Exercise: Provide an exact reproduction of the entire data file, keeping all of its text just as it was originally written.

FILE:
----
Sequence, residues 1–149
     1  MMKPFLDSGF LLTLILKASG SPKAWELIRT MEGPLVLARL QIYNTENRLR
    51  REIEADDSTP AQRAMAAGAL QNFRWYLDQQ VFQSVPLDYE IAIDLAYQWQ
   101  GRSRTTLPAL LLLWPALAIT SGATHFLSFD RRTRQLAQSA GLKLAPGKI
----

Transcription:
Sequence, residues 1–149
     1  MMKPFLDSGF LLTLILKASG SPKAWELIRT MEGPLVLARL QIYNTENRLR
    51  REIEADDSTP AQRAMAAGAL QNFRWYLDQQ VFQSVPLDYE IAIDLAYQWQ
   101  GRSRTTLPAL LLLWPALAIT SGATHFLSFD RRTRQLAQSA GLKLAPGKI